The hands of power are far-reaching,
And often clasp what’s long been held
In trust, in spirit, in faithful stewardship
A realm where mystery and stories dwell.
Stretched out, no less
A cold caress…
To finger, test, and then molest.
Hidden valleys carved out by the flow of sacred knowledge
Passed from one generation to the next.
The song of power thunders
And leaves humility shaking in its wake
From turrets placed high –
Calls not to prayer,
But to the neon altar where we lay our money, our humanity, our compassion, our best.
A bleeding wallet pulled from the chest,
Find your way ‘round Wal-Mart’s the new vision quest.
It is the song that repeats in one’s mind,
Carried on the winds of exchange and opportunity
A powerful song, sung well by a few
Heard by the voiceless multitudes.
The arms of power like steel can bend,
And crush the needless obstacles
Who dare defy and question why
Such force does not relent.
Mountains moved, and cynics squeezed
The pumping heart of justice ceased.
Leaving naught but galactic biceps
And the lonely space between.
The hands of power are large, and can give when will exceeds
The song of power lingers, and carries our good deeds.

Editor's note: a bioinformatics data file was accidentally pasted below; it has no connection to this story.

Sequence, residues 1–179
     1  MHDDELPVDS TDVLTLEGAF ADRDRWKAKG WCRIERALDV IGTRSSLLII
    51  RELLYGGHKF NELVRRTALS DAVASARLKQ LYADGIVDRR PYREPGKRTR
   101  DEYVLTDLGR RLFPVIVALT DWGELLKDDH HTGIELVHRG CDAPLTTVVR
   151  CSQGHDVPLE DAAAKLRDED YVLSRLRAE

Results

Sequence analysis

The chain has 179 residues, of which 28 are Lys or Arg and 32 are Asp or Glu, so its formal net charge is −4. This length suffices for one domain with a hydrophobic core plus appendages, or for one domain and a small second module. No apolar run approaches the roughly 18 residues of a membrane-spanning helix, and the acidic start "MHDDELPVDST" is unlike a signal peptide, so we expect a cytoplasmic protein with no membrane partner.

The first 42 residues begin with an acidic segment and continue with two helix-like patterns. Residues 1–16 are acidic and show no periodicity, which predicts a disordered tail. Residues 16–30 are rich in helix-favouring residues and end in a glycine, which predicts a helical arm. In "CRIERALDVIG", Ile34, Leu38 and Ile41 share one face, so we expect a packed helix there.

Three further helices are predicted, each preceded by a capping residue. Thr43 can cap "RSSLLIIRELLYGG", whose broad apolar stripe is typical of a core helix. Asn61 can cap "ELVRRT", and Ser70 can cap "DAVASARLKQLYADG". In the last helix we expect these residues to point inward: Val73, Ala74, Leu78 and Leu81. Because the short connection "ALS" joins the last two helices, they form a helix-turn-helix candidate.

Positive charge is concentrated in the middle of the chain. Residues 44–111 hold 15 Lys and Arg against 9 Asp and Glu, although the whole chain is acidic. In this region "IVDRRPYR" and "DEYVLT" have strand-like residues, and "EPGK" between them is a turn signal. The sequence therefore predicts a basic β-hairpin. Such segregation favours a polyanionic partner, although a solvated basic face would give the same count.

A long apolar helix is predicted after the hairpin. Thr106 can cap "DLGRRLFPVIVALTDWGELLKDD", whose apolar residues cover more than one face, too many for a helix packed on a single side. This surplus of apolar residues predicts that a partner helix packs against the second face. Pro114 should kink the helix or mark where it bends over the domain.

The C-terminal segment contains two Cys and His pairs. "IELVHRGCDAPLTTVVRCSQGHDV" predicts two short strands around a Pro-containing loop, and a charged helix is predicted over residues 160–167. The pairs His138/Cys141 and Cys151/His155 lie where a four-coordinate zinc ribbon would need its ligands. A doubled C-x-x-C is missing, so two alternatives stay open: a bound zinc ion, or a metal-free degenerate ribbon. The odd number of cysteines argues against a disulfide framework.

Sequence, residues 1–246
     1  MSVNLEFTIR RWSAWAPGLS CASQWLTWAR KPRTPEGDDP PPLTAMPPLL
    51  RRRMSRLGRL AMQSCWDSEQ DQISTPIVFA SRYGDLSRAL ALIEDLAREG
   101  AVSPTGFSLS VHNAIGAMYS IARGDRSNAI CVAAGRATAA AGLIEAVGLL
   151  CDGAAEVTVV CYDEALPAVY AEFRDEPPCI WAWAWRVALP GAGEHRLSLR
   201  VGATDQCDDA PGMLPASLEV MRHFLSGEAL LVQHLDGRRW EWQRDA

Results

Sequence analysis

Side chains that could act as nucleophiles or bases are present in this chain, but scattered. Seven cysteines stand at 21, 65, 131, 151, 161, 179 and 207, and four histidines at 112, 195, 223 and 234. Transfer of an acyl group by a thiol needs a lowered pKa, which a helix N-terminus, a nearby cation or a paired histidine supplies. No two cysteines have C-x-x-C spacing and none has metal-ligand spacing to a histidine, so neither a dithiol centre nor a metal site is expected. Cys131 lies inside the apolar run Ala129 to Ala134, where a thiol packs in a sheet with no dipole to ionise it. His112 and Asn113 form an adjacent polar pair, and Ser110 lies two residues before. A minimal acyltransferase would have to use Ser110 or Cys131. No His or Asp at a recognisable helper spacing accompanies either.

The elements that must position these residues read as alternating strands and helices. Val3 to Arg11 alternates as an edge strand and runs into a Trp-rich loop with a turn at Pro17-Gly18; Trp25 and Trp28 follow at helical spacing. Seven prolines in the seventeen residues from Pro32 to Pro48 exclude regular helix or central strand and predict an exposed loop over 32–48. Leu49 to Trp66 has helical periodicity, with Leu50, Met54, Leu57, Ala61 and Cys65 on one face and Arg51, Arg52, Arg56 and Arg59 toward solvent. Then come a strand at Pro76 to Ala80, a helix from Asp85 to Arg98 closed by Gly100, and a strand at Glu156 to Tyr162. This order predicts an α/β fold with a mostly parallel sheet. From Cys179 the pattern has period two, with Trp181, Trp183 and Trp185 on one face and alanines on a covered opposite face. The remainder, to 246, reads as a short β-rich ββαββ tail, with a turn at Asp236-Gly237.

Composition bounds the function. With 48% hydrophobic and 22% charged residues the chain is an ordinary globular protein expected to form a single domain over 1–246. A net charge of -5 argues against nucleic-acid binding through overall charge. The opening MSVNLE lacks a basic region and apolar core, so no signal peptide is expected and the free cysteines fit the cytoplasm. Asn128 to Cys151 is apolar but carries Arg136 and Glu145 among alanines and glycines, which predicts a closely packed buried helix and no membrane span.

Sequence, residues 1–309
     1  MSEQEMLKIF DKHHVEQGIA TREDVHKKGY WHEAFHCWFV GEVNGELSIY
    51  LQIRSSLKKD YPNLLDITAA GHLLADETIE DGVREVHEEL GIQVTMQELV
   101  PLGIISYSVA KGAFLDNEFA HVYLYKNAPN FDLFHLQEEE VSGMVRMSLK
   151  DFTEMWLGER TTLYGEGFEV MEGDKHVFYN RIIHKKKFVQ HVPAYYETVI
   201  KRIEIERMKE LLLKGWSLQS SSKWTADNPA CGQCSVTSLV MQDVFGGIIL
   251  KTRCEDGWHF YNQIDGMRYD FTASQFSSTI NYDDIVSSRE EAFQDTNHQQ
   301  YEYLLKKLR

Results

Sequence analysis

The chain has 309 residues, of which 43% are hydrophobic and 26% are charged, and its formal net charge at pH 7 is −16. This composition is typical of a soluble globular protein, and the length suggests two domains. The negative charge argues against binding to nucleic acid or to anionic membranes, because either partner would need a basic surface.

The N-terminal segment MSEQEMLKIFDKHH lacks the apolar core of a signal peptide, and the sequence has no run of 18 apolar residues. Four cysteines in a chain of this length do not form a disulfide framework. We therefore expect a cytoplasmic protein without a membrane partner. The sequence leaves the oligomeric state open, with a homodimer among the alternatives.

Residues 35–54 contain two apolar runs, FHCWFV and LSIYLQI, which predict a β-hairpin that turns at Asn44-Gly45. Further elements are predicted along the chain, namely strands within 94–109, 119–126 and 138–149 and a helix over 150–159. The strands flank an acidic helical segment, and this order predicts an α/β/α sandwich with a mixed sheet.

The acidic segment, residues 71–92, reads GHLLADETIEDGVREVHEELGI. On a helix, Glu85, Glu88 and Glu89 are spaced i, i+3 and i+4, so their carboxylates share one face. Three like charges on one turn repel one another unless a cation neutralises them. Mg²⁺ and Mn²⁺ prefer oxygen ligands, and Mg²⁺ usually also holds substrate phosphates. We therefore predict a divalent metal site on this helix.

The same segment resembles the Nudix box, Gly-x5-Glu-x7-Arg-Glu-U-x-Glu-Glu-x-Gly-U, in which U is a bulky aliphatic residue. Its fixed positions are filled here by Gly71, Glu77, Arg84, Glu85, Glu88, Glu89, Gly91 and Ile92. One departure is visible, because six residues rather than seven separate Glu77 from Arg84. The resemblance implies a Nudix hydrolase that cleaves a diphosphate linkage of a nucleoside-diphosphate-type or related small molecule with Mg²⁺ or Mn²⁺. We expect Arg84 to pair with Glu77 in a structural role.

And…the arms of power worlds unearth
that we may plant our changing seeds.
Gabriel Dumont Institute visual arts instructor Christina Johns of the Saskatchewan Urban Native Teacher Education Program (SUNTEP) had her pre-service teachers complete the tile decoration component of the POH module during the fall term of 2008.
The SUNTEP students brought extremely compelling imagery to the exercise which commemorated the students who died at the Lebret Indian Residential School at Qu’Appelle, Saskatchewan. Click on the adjacent photo to see more examples of her class’s work.
Russell Fayant of the SUNTEP program and Christina herself have also responded through verse to the ongoing colonial project of cultural extinction, as experienced by their Métis community. Christina’s poem can be read here and Russell’s here.
The following report was submitted by Warren McBride, an educator from Ottawa:
We are a family of four, including two children aged 14 and 12, and in August 2008 we set out from Ottawa on a year-long round-the-world back packing adventure. Before leaving, we decided to participate in Project of Heart. We received the wooden tiles and agreed to keep in contact with the Project of Heart team in Ottawa.
POH would send us, via email, several names of children who had died while attending Indian Residential Schools in Canada and we would choose an appropriate location in the world to dedicate and decorate these blocks in those children’s memory. Continue reading Ottawa family takes POH around the world
In one of its last community activities as an independent congregation before amalgamating to form Kitchissippi United Church, members of Northwestern United Church in Ottawa’s west end gathered in May to participate in a Project of Heart workshop.